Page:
• Develop a reading list. Do some research to find publications that are respected in your customers’ industries or demographic. Focus on articles written by someone in your target audience, rather than by your competitors – who may not yet be “bilingual.”
  • Take advantage of social media. If you run a B2B company, join LinkedIn groups related to your customers’ industries. If you are marketing to consumers, monitor their Instagram hashtags and read their Facebook posts.Read blogs, forums, and online articles written by your target audience. What do they seem to care about the most? Which words, phrases, and metaphors occur repeatedly in their writing? This language is a neon sign telling you your customer’s top-of-mind objectives and mindset, and an important prerequisite to becoming fluent.
  • Meet your customers. Finally and most importantly, get out and spend time with your customers! Attend events or gatherings where they congregate. Listen to the way that they speak, focusing on how they describe their challenges and successes, as well as what they find most interesting. (Trying to sell insurance to college students? Nothing like a few fraternity brothers doing a keg stand to catch their attention.)

 

Listen to your customers. If you’re patient, they’ll teach you how to speak their language.

Imagine two very different companies with two very different customer bases. One is a retirement community for seniors. The other is a pizza shop attracting teens and millennials. After doing their research, the retirement community finds the following phrases occur most often in their potential residents’ speech, especially when talking about their housing plans for the future:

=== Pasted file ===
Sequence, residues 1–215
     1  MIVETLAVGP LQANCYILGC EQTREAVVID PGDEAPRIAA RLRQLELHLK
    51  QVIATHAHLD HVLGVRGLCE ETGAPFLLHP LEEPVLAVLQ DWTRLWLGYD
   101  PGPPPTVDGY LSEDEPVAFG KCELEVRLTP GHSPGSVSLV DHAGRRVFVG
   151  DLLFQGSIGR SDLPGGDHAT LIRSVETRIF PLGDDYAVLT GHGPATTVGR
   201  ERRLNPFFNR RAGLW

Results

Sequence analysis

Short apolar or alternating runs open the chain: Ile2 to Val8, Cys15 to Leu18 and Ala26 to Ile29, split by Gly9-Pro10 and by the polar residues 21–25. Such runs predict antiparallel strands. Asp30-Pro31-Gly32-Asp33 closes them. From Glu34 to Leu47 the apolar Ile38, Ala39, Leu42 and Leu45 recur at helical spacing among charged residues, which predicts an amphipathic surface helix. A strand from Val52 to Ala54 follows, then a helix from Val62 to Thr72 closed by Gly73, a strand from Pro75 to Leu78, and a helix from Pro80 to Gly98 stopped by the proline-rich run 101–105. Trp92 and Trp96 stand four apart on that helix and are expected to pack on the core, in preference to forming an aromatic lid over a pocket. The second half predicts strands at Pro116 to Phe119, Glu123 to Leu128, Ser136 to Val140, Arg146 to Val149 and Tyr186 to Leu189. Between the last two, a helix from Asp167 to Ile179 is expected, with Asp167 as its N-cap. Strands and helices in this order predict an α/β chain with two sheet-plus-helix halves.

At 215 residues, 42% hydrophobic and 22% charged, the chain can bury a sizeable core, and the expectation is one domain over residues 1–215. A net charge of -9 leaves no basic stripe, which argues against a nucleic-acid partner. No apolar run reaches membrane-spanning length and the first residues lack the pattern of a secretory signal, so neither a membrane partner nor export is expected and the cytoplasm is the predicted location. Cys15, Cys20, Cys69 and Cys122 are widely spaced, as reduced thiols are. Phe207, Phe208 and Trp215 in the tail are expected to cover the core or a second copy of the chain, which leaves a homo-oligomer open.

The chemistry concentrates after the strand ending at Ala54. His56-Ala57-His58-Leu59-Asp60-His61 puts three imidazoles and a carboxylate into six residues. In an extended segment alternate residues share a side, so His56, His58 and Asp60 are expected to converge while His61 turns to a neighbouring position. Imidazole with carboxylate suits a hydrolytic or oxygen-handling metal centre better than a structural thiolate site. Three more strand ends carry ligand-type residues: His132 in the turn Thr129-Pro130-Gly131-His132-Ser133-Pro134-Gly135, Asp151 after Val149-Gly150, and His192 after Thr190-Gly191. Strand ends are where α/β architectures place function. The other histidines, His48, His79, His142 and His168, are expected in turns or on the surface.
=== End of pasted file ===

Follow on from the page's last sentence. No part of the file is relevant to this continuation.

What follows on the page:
• Peace of mind
  • Finally slow down
  • Loved, connected
  • Time with family
  • Feel safe

They also found that the tone preferred by this demographic was simple, straightforward, and comforting. They might create an ad like this one:

 

And the pizza shop? Their audience wants fast, fun, and filling. Their ad might be an ad like this one, from Domino’s:

Two very different products, two very different companies, and two very different languages to learn. But both of them can reach their target audience by becoming proficient in their customers’ language.

 

Watch Your Step

A few disclaimers here.

First of all, don’t overdo it. There’s a lot more to becoming bilingual than indiscriminately tossing words like “bae” or “fleek” into your ad for millennials, or bombarding your techie crowd with numbers that don’t matter to them.

And please, no matter how cool you’re trying to be, limit your hashtags unless you’re sure you’re using them right.

Secondly, while you are learning a new language, watch out for patronizing phrases that buy into stereotypes. For example, when companies like McDonald’s and Pepsi started marketing to the African American community in the 1970s, many of their ads tended to drop “g” endings in a way that looks quite racist today.

Some of today’s advertisers try to imitate teenagers by throwing the word “like” into their writing, as if teens will instantly, like, connect to their brands if they just, like, pointed out that they can, like, use “like” in a sentence too.

The goal is to make your communication familiar to your customers — not to insult them. Always remember the words of advertising executive David Ogilvy:

“The customer is not a moron. She’s your wife.”

 

How can you make sure to avoid these pitfalls? Try out your new bilingual skills on a native speaker. They’ll tell you whether you’ve gone overboard or whether you haven’t mastered the language at all.

Becoming bilingual is one of the strongest ways to reach your customer base. Speak to your customers in the same way that they speak to each other – and in the way that they think inside their own heads. Only then will you earn your audience’s trust, making your marketing efforts finally pay off.

 

 


This article is part of the series, So You Think You Know Marketing? These article shed new light on marketing fundamentals, with examples and tips to help you apply these concepts to your own business. See all the articles in the series here.